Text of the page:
Choose the “Marketplace” link at the bottom right, which leads to the following screen where you can type “HDP” and it will show you the options for Hortonworks Data Platform. There are currently two options 2.4 and 2.5 – I chose 2.5:
When you choose 2.5 it will bring up this screen which shows the details of the option you have chosen and offers you the “Create” button to go ahead and start the creation process – click on Create:
After clicking on Create, the process moves on to a five step wizard, the first step of which allows you to choose “Basic options” for the VM. I set the following options:
VM Disk Type: SSD
User name: jeff
SSH Public key: my public SSH key
Subscription: Leave set to Free Trial (if that’s what you are using, as per screenshot, or your Corporate/Pay As You Go subscription if you have one)
Resource Group: Create New called hdp25sandbox_rg
Location: UK West
A screenshot of these options looks like this:
Click on OK and move on to the 2nd step in the wizard for choosing the size of the VM. I chose the DS3_V2 size which seemed to work OK – you might be able to get away with something smaller, perhaps.
Click on Select and move on to step 3 of the wizard which is about configuring optional features. For this step I set the following:
Use managed disks: Yes
Leaving all other options as defaults this looks like:
Click on OK and move on to step 4 which is just a summary of the configuration:
If you’re happy, click on Purchase and that’s the end of the wizard. Azure then goes off to deploy the VM, which can take a few minutes. You’ll be returned to the dashboard screen where you’ll see the VM at the top right with the word Deploying on it:
As I say, it takes a few minutes to complete, but when it does, you’ll see a popup notification in the top right of the screen and the VM tile will change to look as below:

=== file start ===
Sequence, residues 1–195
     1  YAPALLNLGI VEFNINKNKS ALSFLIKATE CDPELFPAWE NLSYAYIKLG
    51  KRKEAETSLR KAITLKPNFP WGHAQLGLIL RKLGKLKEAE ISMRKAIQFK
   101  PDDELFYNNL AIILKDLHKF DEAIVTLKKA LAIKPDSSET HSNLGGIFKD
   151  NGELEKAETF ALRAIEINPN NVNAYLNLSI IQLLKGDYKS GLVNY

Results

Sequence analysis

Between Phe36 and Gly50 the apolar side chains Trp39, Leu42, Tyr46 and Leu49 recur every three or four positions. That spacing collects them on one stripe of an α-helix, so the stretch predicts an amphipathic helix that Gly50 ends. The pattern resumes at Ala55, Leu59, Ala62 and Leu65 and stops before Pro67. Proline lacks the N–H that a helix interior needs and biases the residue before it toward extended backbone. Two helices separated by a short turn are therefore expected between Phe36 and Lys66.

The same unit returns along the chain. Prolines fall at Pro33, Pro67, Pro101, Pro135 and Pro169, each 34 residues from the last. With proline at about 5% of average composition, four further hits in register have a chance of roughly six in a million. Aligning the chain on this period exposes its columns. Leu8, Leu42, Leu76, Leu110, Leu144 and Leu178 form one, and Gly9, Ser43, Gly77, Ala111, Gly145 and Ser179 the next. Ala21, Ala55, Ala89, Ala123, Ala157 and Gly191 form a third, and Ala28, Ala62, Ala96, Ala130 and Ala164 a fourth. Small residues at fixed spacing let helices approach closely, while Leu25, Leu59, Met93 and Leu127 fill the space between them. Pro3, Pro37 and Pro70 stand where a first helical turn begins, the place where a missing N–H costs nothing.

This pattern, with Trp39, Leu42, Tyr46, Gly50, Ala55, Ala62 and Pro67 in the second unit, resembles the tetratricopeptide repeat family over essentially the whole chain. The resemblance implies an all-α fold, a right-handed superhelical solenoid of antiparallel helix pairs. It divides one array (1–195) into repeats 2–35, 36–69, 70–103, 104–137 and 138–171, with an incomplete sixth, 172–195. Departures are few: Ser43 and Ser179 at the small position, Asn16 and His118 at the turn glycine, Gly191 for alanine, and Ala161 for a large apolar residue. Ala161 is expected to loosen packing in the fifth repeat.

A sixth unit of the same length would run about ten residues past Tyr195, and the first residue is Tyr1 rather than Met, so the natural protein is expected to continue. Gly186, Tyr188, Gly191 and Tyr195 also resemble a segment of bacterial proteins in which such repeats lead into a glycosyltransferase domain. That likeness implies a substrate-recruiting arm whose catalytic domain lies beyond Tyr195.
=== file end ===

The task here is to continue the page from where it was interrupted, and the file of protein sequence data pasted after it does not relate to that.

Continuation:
So, you now have the Sandbox VM up and running.
The VM by default only has inbound SSH access enabled and can only be accessed by IP address so we’ll make some changes to these next. First we’ll give the VM a DNS name which allows you to access it on the internet via a name rather than an IP address. From the dashboard screen (above) click on the VM and it takes you to this screen:
You’ll notice the Public IP address which is a hyperlink…click on that link and it takes you to the following screen where you can specify the DNS Name which means the machine will have a Fully Qualified Domain Name that you can access via the internet. I set my DNS Name to oramosshdp25sandbox and given I’d previously chosen to use UK West as the location, the Fully Qualified Domain Name is thus oramosshdp25sandbox.ukwest.cloudapp.azure.com as per the screenshot below:
Now, navigate to the Inbound Security Rules page which is under the Network Security Group page (access from the Resource List on the dashboard). Notice that the only rule existing is one to allow inbound SSH communication: